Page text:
Why a box office should be a bit like private school.

Ok, readers.  This is your official rant alert, so look out.  Ready?  Set?   Here goes . . .

I went to pick up four tickets to a big budget Broadway show recently that cost me about $500 buckaroos.

I approached that big scary glass partition (that I’ve blogged about before), and out popped a box office rep ready to serve me.  And serve me they did . . . wearing a well-worn sweatshirt and jeans, like they were working behind the counter at a Dairy Queen, not a Broadway box office.

Can you name me another industry that is trying to sell consumers a product priced over $100/each, with the average sale probably around $500,  that would let their front line sales reps wear a sweatshirt and jeans?  They have dress codes at The Gap, for G-D’s sake, why can’t we?

Maybe this was a fluke, as certainly not all box offices in town dress this way.  There are plenty of suit and tie BOs out there.    But frankly, this wasn’t the first time I’ve seen “dress down day” at a show, so I felt compelled to say/write something.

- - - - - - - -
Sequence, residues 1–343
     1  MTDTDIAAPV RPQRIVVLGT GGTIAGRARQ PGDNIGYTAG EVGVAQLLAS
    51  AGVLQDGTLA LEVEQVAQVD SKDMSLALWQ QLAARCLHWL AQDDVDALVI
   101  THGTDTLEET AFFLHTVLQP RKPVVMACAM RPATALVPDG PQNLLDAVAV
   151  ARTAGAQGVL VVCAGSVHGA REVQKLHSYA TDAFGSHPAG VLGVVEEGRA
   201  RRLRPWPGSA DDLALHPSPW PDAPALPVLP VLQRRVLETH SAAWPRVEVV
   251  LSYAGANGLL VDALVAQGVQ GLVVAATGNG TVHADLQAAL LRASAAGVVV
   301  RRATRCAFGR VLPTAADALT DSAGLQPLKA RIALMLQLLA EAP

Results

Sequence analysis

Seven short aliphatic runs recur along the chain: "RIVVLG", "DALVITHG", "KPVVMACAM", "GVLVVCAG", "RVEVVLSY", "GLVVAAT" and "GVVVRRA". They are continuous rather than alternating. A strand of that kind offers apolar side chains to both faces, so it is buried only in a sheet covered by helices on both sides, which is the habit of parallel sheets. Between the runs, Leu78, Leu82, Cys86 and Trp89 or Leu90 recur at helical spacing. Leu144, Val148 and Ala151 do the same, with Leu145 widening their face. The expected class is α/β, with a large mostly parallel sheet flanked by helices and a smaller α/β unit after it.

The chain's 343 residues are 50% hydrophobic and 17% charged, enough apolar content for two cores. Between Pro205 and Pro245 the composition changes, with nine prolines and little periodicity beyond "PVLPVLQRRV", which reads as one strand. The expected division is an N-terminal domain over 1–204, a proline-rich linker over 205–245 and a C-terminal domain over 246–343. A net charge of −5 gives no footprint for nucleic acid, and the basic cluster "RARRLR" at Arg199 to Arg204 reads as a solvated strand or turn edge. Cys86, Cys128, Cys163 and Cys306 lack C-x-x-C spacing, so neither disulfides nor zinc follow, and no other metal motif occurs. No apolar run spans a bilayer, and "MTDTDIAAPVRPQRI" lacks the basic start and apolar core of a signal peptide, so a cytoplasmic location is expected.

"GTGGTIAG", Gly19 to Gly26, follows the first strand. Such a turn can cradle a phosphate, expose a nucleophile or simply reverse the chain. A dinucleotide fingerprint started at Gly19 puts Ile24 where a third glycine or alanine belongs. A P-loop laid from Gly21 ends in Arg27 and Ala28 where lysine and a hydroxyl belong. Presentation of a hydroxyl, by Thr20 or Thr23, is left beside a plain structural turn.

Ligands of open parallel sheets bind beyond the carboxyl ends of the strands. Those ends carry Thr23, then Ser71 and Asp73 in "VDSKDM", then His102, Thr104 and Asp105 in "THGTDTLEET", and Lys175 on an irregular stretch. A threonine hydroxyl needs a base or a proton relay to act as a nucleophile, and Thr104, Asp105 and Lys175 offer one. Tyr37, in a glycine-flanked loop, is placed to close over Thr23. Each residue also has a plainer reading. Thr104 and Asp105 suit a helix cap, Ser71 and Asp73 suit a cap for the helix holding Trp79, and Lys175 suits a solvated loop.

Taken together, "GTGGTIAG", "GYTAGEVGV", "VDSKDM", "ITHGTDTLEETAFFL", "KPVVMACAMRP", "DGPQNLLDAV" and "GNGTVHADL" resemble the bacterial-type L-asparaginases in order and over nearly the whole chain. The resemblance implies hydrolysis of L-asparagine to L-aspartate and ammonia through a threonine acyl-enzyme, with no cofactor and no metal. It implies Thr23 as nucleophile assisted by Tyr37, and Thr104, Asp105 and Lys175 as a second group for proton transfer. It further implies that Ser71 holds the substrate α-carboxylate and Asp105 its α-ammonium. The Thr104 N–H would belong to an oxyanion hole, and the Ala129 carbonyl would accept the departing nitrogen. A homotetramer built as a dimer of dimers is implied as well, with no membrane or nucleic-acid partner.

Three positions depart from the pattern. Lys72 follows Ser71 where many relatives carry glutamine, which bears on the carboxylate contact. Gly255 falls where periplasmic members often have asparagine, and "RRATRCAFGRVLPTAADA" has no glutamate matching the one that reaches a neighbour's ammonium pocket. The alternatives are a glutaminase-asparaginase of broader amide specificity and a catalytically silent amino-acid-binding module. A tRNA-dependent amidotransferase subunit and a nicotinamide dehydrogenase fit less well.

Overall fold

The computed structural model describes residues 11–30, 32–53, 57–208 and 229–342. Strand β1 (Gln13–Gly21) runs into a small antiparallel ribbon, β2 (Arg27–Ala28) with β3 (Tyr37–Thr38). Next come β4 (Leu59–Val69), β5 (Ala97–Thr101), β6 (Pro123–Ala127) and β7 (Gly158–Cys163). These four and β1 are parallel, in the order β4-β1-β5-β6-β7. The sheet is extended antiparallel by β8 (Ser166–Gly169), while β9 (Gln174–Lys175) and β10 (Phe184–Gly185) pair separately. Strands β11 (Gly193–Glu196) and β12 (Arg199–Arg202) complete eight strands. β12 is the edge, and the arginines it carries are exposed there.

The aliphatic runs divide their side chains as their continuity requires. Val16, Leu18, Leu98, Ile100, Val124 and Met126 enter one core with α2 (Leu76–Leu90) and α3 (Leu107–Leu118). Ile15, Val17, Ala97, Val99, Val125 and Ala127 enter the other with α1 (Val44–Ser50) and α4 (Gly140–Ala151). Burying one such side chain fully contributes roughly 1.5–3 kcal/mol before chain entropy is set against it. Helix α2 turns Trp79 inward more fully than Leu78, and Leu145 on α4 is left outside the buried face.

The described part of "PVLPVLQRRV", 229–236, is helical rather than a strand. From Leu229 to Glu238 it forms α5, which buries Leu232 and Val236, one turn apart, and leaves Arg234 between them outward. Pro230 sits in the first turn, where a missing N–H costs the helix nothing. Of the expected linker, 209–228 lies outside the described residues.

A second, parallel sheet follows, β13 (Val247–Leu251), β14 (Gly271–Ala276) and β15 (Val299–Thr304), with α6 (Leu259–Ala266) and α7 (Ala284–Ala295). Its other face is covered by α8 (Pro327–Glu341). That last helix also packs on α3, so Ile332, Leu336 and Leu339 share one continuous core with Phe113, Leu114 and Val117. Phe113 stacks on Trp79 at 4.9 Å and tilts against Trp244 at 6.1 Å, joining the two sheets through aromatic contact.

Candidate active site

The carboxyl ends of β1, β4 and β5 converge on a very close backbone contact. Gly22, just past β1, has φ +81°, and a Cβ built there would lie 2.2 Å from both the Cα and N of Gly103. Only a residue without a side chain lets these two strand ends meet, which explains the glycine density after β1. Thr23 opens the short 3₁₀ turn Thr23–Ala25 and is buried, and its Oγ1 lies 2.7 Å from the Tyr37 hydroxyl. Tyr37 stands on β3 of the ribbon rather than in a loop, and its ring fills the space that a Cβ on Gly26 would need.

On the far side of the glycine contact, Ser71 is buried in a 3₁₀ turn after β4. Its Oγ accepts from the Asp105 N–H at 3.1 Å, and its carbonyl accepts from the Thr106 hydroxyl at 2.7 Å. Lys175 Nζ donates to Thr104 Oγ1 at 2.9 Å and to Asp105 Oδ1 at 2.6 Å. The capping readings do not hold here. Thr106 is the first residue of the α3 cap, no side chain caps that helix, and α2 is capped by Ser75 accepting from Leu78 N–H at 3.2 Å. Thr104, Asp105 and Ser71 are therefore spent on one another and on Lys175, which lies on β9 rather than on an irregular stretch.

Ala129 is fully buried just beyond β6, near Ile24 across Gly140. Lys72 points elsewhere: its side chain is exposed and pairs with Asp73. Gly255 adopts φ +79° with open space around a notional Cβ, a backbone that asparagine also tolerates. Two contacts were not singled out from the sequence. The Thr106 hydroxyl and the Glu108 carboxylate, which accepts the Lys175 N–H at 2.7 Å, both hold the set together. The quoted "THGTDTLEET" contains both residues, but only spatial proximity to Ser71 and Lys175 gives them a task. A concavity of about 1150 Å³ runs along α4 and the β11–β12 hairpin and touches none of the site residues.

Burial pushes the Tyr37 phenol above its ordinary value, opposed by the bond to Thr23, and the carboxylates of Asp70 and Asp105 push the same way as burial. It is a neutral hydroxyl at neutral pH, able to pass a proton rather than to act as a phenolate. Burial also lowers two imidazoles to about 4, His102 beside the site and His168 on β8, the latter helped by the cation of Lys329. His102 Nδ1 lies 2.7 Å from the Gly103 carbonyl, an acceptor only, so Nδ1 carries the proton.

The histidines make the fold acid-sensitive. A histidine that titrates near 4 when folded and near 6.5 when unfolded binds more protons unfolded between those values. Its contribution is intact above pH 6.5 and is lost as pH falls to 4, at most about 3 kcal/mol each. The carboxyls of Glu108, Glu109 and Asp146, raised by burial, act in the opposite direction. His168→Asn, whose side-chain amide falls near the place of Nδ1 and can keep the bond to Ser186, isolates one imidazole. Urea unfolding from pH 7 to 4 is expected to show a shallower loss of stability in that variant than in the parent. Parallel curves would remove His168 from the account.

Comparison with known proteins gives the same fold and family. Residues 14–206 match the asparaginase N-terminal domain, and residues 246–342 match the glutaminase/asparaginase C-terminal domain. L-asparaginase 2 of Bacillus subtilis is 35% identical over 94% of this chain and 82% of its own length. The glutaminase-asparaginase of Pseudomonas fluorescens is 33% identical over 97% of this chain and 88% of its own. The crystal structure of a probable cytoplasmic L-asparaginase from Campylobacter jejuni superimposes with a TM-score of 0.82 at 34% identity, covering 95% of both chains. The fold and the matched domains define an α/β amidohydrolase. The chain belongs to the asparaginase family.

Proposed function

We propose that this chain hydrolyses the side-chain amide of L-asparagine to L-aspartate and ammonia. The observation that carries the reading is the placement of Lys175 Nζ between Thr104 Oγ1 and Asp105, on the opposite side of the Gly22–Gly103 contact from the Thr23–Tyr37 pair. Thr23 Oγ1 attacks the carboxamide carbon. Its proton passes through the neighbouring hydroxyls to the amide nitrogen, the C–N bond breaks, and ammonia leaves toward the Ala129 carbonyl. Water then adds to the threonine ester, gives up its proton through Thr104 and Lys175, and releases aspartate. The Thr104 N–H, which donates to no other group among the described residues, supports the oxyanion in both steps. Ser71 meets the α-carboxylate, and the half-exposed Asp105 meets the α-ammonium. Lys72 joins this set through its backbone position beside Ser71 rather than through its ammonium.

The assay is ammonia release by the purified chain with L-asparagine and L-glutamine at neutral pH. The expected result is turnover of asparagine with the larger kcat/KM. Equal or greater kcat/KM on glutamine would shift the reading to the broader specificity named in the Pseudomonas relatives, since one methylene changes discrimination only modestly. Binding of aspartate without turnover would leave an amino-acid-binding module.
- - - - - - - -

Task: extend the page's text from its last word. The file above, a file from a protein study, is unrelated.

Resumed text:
If you expect a customer to shell out megabucks for your product, you should dress to impress.  That’s sales training 101.  In fact, that’s sales training wheels 101.

And if you don’t want to make your employees have to figure out what to wear, then put them in a uniform, even if that’s just the same type of t-shirt.

It’s just respectful, especially when engaging in high-priced business transactions (or even when you just want them to buy an $15 Gap T-Shirt).

And treating our customers with respect is the best way to get them to “pay” their respects as well.

 

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Five things theater can learn from the World Cup.

Well, it took twenty years, but “football” has finally tipped in the US. I remember when my female cousin from Norway had to fight for a chance to try out for our high school soccer team.  They didn’t even have a women’s team!  (BTW, not only did she make the team, but she made the starting line-up, and scored more times than Tiger Woods at a “Golfers Who Love To Text Strippers” convention.)